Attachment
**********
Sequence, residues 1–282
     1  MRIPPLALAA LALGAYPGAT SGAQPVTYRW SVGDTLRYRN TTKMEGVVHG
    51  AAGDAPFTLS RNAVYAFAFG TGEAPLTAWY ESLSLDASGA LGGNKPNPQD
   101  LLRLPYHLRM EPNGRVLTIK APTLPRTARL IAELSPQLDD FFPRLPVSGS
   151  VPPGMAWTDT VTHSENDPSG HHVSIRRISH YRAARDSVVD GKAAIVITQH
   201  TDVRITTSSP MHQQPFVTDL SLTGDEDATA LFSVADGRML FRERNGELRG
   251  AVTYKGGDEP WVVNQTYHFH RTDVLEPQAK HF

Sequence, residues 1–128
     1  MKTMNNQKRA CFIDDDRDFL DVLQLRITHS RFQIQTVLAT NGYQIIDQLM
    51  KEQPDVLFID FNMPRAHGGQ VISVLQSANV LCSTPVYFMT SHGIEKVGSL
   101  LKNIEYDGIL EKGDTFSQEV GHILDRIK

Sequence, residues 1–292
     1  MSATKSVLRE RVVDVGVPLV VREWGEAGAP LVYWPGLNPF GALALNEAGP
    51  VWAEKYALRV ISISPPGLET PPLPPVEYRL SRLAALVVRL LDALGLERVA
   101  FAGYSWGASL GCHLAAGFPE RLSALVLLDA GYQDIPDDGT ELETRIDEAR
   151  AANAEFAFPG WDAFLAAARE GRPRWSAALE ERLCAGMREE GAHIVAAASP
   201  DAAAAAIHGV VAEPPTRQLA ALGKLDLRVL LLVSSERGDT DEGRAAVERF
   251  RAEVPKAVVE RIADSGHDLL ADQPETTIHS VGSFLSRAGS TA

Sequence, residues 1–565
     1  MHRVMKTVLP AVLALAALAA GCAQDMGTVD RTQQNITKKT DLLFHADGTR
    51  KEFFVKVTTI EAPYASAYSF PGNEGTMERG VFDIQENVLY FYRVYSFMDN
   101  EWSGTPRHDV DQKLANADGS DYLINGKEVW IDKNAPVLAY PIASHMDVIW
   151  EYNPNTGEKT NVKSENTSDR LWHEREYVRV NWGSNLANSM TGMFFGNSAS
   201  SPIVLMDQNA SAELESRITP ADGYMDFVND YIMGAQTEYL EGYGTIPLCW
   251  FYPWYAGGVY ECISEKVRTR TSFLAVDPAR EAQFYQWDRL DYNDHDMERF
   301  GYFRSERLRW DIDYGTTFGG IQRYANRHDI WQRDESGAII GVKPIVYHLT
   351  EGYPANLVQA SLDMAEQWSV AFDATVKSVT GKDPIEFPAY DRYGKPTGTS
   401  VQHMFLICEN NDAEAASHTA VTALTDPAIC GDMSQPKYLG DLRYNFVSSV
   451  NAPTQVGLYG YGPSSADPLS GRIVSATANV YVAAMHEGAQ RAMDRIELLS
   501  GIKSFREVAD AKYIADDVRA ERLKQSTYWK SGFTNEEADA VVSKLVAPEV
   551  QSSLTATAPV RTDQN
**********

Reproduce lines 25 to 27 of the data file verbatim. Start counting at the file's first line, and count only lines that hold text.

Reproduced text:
   251  FYPWYAGGVY ECISEKVRTR TSFLAVDPAR EAQFYQWDRL DYNDHDMERF
   301  GYFRSERLRW DIDYGTTFGG IQRYANRHDI WQRDESGAII GVKPIVYHLT
   351  EGYPANLVQA SLDMAEQWSV AFDATVKSVT GKDPIEFPAY DRYGKPTGTS